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Just how resilient are prime lambs to worm infection?

by Lewis Kahn, ParaBoss Executive Officer

July 2016

 

We all know the difficulties that Merino lambs face from worm infection, but meat-breed (often XB) lambs might be a different matter. The Lifting the Limits project, supported by Meat & Livestock Australia, investigated the constraints imposed by worm infection for sheep meat systems, and worked with regional advisory groups to develop and promote worm control programs that will become available through WormBoss. 

This work showed that prime lambs that have high growth rates before weaning are very resilient to worms and are not likely to benefit from a drench before weaning.

In total, some 10,000 meat-breed ewes and their (largely) twin lambs were monitored for worm and production traits across 3 years on commercial sheep properties spread across the Northern Tablelands, Central Tablelands and South West Slopes of NSW and Victoria.

To identify the production loss caused by worms, half of the ewes received treatments to suppress worms throughout the year, which were a mixture of effective short and long-acting treatments.  The other half received treatments only as required.  The same approach was taken with the lambs from marking, when half of the lambs were treated to suppress worms and the remaining received no worm treatment before weaning.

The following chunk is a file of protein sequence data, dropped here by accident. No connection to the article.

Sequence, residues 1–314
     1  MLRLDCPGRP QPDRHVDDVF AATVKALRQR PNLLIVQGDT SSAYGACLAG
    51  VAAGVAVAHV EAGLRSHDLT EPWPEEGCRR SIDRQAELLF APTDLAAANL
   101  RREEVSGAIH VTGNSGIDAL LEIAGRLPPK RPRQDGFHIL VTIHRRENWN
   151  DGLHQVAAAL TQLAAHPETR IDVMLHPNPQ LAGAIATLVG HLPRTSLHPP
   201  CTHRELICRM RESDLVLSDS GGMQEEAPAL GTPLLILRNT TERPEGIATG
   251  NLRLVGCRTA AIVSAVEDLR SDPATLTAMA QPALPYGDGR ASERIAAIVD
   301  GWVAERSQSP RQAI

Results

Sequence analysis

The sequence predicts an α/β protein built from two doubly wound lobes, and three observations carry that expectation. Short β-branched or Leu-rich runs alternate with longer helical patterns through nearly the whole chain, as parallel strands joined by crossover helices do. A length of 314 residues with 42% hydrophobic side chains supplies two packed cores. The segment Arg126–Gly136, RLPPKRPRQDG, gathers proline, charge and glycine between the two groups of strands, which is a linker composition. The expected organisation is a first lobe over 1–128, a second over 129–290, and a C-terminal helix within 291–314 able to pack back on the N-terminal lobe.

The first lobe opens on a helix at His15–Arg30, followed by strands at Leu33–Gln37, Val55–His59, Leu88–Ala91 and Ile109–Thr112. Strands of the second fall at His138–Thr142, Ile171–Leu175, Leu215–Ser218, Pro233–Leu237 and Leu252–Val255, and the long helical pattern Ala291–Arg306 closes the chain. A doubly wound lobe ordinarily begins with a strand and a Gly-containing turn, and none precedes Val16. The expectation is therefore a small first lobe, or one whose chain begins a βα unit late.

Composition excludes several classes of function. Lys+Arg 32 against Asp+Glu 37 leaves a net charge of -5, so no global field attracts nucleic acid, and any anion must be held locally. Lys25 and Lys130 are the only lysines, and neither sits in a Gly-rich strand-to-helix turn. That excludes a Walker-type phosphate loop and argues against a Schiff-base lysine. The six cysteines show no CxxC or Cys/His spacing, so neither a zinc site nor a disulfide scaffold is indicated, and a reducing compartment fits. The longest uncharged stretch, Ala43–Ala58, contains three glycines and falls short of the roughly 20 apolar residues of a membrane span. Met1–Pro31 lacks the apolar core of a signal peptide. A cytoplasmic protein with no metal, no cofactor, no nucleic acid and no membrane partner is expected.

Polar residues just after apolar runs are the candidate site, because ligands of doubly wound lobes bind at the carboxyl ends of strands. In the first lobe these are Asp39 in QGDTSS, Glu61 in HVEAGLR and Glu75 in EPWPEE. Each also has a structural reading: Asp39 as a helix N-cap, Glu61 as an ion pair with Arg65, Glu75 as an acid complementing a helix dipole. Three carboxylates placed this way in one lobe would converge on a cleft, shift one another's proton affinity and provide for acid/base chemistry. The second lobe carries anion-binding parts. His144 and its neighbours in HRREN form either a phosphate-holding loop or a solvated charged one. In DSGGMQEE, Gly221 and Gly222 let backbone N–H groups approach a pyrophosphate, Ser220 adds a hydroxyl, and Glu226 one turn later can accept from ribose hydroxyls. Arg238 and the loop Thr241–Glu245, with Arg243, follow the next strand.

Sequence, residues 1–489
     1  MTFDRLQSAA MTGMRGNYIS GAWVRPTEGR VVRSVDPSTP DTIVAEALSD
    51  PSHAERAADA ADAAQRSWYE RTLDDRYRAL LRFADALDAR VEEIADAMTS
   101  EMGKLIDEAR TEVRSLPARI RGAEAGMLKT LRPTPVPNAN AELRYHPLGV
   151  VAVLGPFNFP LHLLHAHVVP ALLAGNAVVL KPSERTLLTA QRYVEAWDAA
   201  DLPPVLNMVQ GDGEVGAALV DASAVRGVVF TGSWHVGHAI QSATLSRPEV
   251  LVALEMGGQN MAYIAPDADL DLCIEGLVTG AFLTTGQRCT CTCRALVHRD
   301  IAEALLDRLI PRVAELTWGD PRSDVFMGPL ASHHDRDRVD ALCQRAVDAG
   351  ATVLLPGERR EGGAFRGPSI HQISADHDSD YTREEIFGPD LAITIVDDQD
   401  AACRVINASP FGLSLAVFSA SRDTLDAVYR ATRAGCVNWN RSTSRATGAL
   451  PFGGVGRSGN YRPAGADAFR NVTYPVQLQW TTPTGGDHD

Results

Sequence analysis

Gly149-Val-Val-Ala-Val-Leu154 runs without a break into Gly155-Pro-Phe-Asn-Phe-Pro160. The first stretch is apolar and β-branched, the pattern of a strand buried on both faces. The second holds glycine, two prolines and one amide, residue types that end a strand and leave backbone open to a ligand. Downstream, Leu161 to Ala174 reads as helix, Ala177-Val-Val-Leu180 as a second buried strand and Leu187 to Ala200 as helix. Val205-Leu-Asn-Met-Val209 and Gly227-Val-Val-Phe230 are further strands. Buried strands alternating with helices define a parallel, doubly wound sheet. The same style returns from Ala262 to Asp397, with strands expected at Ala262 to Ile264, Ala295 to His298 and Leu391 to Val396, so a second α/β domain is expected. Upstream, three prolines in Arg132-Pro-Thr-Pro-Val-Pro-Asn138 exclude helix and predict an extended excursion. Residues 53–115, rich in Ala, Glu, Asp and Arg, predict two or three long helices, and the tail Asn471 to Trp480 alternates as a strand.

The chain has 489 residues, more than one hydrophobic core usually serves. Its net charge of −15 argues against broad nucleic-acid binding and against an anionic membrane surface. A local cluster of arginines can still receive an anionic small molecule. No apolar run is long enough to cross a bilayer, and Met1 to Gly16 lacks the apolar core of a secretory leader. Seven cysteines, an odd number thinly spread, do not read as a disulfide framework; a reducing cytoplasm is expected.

Lamb worm egg count and live weight

The lambs grew at over 200 g/day from marking to weaning and there was no advantage from treatment to suppress worms in the lambs.  This occurred across all regions and indicates the lambs were completely resilient to worm infection.

Within the Northern Tablelands, lambs that remained untreated had a worm egg count of 1700 epg by weaning, as compared to 190 epg for worm suppressed lambs.  The infection was predominately (70%) from barber’s pole worm with scour worms making up the remaining 30% from culture.  Clearly these lambs were not resistant to worm infection.

The question remaining to be answered was if the lambs were resilient to infection.  By weaning, the untreated lambs weighed 31.9 kg and worm suppressed lambs, 32.2 kg; a difference which was not statistically different.  Clearly these lambs were highly resilient to worm infection.


Figure 1. Worm egg count of lambs at 1 and 3 months after lambing
Figure 1. Worm egg count of lambs at 1 and 3 months after lambing
Figure 2. Live weight of lambs at 1 and 3 months after lambing
Figure 2. Live weight of lambs at 1 and 3 months after lambing


Take home message

Managing nutrition to ensure that lambs grow rapidly (at least 200 g/day) until weaning is a powerful means of increasing their resilience to worms and avoiding unnecessary treatments.